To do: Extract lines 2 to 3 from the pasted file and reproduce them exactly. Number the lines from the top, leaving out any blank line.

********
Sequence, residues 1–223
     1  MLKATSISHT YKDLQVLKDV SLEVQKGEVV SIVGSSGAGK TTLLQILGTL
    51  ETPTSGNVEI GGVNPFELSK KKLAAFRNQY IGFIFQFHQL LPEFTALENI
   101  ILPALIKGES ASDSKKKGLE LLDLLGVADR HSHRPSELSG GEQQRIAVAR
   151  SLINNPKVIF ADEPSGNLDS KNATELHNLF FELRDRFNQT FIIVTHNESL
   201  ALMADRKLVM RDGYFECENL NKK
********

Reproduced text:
     1  MLKATSISHT YKDLQVLKDV SLEVQKGEVV SIVGSSGAGK TTLLQILGTL
    51  ETPTSGNVEI GGVNPFELSK KKLAAFRNQY IGFIFQFHQL LPEFTALENI